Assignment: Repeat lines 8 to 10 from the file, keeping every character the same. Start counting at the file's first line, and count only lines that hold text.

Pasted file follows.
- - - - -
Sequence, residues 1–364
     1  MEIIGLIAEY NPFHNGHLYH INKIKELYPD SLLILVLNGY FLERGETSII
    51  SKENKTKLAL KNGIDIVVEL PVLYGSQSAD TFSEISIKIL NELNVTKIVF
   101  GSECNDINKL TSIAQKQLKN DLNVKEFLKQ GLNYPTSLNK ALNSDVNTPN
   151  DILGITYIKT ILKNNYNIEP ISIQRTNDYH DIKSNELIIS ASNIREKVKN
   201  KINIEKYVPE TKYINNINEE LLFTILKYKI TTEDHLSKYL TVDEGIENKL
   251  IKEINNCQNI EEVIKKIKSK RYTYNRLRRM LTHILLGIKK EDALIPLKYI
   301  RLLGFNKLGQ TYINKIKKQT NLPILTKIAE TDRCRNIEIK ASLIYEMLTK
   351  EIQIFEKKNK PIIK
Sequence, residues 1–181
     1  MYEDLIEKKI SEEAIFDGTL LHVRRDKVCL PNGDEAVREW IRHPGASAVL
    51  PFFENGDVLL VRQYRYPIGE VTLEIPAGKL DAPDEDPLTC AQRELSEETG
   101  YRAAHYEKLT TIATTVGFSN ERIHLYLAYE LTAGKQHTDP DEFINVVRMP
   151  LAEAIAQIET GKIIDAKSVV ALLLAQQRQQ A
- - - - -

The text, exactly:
   301  RLLGFNKLGQ TYINKIKKQT NLPILTKIAE TDRCRNIEIK ASLIYEMLTK
   351  EIQIFEKKNK PIIK
Sequence, residues 1–181